“Take me? What do you mean?”
“Exactly what I said. You won’t be able to leave the mine anymore. It’s the same as death. Maybe worse.”
The platform stopped moving and everyone got off in a layer that gave me the vibes of a market. It smelled like spices and steel.
I could tell the temperature had dropped, seeing how the merchants and hagglers were dressed, but just like they did in the heat of the day, my clothes kept me at room temperature.
As opposed to the upper floors, the walls were plain jagged rock and either covered by paintings or used to display pelts and weapons.
There were also fewer warriors. The only ones I saw seemed to have been hired by store owners, though they looked less threatening than their comrades upstairs.
We left the balcony for a small uneven path.
“So... no one talks down there?” I asked Bo, when it got quiet enough that we could hear each other. “How do you manage to communicate?”
“We use our hands,” he said. “There is a sign for most of what anyone would want to say while working, but people avoid using them as much as possible. It’s best to not interact with anyone as long as you are in the mine.”
“Does that include you?”
“Especially me. The mine creates illusions and tries to trick people into making mistakes. If you lose sight of me even once, don’t assume whoever looks like me to be the real deal until we get out. It could be a knocker. They won’t attack you... but you never know. Only worry about yourself. Do not try to help anyone.”
I soon noticed the high numbers of kids that were around compared to the adults. They were everywhere, young teenagers moving in small groups and caused most of the commotion I would catch in the corner of my eye. Girls and boys, barely dressed but covered with scars and piercings that couldn’t be sanitary.
They all had black noses and shifty sunken eyes. Merchants would yell at them as soon as they got a bit too close to the stalls. Calling them “rats”.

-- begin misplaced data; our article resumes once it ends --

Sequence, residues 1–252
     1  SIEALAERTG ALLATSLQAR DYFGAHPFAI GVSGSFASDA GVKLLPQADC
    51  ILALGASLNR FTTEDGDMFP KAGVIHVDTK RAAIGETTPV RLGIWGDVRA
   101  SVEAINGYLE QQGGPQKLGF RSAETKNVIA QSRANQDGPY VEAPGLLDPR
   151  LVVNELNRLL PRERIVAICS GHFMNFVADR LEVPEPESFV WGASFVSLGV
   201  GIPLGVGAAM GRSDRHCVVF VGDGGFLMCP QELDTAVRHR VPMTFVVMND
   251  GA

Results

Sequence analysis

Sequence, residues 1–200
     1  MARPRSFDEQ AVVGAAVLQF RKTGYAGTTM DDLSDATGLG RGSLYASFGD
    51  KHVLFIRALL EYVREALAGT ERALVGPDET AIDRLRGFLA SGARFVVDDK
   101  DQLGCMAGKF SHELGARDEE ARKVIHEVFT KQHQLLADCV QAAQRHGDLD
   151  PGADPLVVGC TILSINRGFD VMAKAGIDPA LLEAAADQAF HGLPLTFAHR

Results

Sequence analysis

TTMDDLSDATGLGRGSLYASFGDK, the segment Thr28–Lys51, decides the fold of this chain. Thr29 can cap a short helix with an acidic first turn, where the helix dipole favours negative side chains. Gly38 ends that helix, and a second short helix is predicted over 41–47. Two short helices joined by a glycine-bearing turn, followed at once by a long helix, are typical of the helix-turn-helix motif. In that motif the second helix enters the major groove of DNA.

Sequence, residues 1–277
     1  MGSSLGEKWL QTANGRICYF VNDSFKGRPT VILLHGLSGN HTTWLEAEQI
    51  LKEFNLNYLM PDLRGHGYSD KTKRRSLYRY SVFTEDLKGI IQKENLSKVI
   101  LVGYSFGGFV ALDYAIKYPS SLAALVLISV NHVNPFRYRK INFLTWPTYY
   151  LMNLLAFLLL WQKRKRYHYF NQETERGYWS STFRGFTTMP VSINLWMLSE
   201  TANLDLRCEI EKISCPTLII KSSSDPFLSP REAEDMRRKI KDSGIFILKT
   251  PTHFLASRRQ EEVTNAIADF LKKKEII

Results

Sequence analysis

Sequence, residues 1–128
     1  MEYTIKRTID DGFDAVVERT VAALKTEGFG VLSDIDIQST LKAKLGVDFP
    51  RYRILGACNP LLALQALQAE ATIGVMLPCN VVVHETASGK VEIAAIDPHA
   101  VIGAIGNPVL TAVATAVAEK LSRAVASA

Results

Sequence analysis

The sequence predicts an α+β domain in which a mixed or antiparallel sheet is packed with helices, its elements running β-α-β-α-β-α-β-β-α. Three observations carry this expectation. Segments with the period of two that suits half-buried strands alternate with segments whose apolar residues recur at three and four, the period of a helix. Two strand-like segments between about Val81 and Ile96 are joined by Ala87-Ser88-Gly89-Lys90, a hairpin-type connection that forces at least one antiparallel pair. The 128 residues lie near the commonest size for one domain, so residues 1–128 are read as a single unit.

“Sometimes even being quiet isn’t enough,” Bo said after a moment. “But I have a rule. It’s to never stay around if there are three weird things happening at the same time. I leave then wait until whatever is going on to pass. It kept me alive when others only thought about making a bit more money and were never seen again.”
The further we went, the fewer people there were. At some point, Bo went into a narrow alley, checked the surroundings then waved at me.
“This is safe enough,” he said as he hid me from the main path.
I double checked for any prying eyes, then brought a massive bag out of my inventory. It contained the clothes made by Sarn the day before.
We went back to the main path and soon reached a small wooden door in the stone, and the boy knocked with a musical rhythm. I heard the sound of moving furniture, two or three bolts being pulled, and the door was opened to reveal squinting eyes.
“You’re late, boy,” a ragged voice said. The eyes landed on me, “Who’re you bringing, uh? I keep telling ya, no rats here!”
“Does he look like a rat? We’re in a hurry, open already,” Bo said with uncommon annoyance.
They squinted a bit more as they studied me, “Hmm, you might be right.”
The door was fully opened and a panda even shorter than myself stood in the frame scratching his big round ear with a mean look on his face; which I found adorable until he spoke again.
“Gimme the stuff,” he said with his coarse voice, before visibly realizing that the bag was as big as himself. “Nevermind, take it in yourself and take your things while you’re at it. Imma starting charging ya for the nights that damn bird has been ruining for me.”
“Don’t even think about it,” Bo said as he walked past him.
When he came back out he handed me a patched up coat, a big pair of gloves and an old pickaxe, “It gets colder the lower you go. And this is in case you want to help for a bit.”
I didn’t think I’d need either but still took them and put the coat on without much thought. What I was interested in was the small cage he had brought along. It had a golden bird inside.
I think they used to do something similar on Earth.
We hurried back to the balcony and got there just in time to catch the only platform that went as low as we wanted to go. The people standing on it were as heavily dressed as us, with tools and birdcages.
No one was speaking, as if in preparation for what was coming. No chirping from the birds either.
During our silent descent, I noticed that the number of torches present in the layers decreased, and the people were thinner.
At some point, the only source of light was the one on the platform. The lower layers seemed completely abandoned, but I would occasionally hear a distant scream or sense something moving in the shadows.
Before long the platform stopped moving. Someone took the torch out of its socket, and we followed them without any words being exchanged.
I heard the lift go back up behind us.
As we walked, I could see some people fervently praying to effigies they held in both hands. Others had serious expression and tightened their grips on their pickaxes. Others just had a vacant stare.